Friday, October 29, 2010

Great Books

What makes a great book great? At Biola College they offer an honors program in which students read, by the time they graduate, about one hundred of the books considered to be among the very best ever written, but how do they determine which works should be included? Fred Sanders, at The Scriptorium, lists and discusses eight characteristics or criteria of a great book. I've listed the eight, but to read his discussion of them you'll have to visit his article:
  1. A great book speaks from an important original setting.
  2. A great book is written in a way that is relevant for readers today.
  3. A great book is well-crafted.
  4. A great book is one that provokes excellent discussion.
  5. A great book is inexhaustible, so no reading of it is the final reading, and no discussion ever runs it dry.
  6. A great book is time-tested. People from multiple generations have had their hands on it, and have judged it to be worth passing along.
  7. A great book is weird. It’s got angles, edges, textures, and stuff sticking out that you wouldn’t have predicted.
  8. A great book is smarter than the best teacher, but within reach of the average student.
How many books have you read that meet these criteria? Stephenie Meyer's Twilight series doesn't count.

Bad Faith

Shelby Steele is no bitter, white redneck resentful that we have an African American president. He is himself an African American, a former college English professor, an accomplished author (Affirmative Action Baby and White Guilt), and is currently a senior fellow at Stanford's Hoover Institution.

In a recent Wall Street Journal column Mr Steele plumbs the mind of Mr. Obama, seeking to understand the assumptions that guide his presidency. It's a very good essay of which the following is a part:
How is it that Barack Obama could step into the presidency with an air of inevitability and then, in less than two years, find himself unwelcome at the campaign rallies of many of his fellow Democrats?
The first answer is well-known: His policymaking has been grandiose, thoughtless and bullying. His health-care bill was ambitious to the point of destructiveness and, finally, so chaotic that today no citizen knows where they stand in relation to it. His financial-reform bill seems little more than a short-sighted scapegoating of Wall Street. In foreign policy he has failed to articulate a role for America in the world. We don't know why we do what we do in foreign affairs. George W. Bush at least made a valiant stab at an American rationale—democratization—but with Mr. Obama there is nothing.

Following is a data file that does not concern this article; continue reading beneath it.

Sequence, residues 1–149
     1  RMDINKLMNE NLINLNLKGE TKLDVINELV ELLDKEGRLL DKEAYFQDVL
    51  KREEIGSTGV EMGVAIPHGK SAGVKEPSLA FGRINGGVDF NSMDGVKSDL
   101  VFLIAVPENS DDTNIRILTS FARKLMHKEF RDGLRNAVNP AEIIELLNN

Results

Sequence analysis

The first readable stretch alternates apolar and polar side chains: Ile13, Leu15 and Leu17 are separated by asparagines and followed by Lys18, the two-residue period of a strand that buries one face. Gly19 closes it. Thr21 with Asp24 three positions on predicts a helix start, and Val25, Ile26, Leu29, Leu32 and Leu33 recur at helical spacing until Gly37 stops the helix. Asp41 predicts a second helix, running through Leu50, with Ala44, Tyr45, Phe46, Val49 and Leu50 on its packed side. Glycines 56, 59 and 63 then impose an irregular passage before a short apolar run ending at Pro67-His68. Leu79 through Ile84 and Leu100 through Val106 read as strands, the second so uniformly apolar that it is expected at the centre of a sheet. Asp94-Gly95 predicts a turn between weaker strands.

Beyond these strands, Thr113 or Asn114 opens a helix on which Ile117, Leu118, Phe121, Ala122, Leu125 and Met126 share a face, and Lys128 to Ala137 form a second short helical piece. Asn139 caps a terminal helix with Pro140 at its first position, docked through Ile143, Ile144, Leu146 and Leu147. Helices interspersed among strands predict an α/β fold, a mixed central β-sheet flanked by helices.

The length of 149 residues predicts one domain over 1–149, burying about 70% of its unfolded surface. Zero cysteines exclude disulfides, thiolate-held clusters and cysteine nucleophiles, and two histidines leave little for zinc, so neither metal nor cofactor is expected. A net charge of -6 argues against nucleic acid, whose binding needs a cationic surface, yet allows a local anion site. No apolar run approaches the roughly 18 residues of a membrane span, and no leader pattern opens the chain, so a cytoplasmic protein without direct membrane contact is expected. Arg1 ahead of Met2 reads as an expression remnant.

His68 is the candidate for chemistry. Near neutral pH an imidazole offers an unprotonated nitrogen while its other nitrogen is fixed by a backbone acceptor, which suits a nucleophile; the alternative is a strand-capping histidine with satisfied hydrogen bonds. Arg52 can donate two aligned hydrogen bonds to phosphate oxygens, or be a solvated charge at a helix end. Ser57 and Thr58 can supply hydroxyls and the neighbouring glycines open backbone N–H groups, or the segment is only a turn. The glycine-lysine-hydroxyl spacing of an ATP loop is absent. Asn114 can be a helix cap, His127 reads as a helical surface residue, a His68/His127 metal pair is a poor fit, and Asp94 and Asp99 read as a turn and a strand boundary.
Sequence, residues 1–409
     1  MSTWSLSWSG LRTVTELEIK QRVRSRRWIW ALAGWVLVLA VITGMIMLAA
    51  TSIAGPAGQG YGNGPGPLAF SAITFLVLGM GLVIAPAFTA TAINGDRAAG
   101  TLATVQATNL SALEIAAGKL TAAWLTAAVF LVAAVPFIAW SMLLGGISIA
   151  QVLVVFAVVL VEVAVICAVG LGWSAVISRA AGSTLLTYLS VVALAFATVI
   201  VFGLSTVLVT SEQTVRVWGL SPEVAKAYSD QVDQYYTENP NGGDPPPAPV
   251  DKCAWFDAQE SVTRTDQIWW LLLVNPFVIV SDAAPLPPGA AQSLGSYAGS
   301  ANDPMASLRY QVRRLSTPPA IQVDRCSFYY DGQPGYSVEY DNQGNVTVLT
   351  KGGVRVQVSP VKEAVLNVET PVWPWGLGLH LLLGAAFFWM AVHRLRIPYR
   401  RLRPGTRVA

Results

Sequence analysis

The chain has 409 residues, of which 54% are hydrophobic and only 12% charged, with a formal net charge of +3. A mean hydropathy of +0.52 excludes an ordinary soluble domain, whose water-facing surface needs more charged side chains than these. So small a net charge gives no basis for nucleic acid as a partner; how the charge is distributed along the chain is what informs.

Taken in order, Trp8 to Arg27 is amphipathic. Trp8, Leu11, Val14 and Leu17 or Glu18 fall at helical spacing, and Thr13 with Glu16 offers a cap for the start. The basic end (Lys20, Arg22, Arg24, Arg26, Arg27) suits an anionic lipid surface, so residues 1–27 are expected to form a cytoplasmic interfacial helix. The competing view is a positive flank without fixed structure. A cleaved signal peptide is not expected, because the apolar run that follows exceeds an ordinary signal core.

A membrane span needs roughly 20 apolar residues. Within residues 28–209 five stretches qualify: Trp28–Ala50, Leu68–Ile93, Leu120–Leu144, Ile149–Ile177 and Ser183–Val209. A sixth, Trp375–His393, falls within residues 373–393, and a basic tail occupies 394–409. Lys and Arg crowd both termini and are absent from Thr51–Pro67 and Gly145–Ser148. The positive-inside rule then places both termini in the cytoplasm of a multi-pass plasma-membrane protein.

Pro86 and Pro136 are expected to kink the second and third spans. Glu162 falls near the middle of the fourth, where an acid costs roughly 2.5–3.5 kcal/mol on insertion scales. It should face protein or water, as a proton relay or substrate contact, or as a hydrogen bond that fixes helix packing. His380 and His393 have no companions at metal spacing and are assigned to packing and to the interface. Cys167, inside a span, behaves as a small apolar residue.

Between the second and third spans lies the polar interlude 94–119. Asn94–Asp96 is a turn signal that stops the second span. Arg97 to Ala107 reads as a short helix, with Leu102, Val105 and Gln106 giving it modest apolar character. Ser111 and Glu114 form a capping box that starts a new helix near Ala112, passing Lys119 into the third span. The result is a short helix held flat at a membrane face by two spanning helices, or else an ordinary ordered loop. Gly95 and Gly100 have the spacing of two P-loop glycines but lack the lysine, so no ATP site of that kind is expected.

Barack Obama .... is a child of the 1960s. His coming of age paralleled exactly the unfolding of a new "counterculture" American identity. And this new American identity—and the post-1960s liberalism it spawned—is grounded in a remarkable irony: bad faith in America as virtue itself, bad faith in the classic American identity of constitutional freedom and capitalism as the way to a better America.
So Mr. Obama is very definitely an American, and he has a broad American constituency. He is simply the first president we have seen grounded in this counterculture American identity. When he bows to foreign leaders, he is not displaying "otherness" but the counterculture Americanism of honorable self-effacement in which America acknowledges its own capacity for evil as prelude to engagement.
Bad faith in America became virtuous in the '60s when America finally acknowledged so many of its flagrant hypocrisies: the segregation of blacks, the suppression of women, the exploitation of other minorities, the "imperialism" of the Vietnam War, the indifference to the environment, the hypocrisy of puritanical sexual mores and so on. The compounding of all these hypocrisies added up to the crowning idea of the '60s: that America was characterologically evil. Thus the only way back to decency and moral authority was through bad faith in America and its institutions, through the presumption that evil was America's natural default position.
Among today's liberal elite, bad faith in America is a sophistication, a kind of hipness. More importantly, it is the perfect formula for political and governmental power. It rationalizes power in the name of intervening against evil — I will use the government to intervene against the evil tendencies of American life (economic inequality, structural racism and sexism, corporate greed, neglect of the environment and so on), so I need your vote.
Read the rest of Steele's essay at the link. It contains several excellent insights into the mind of Mr. Obama and, by extension, that of many another modern liberal progressive.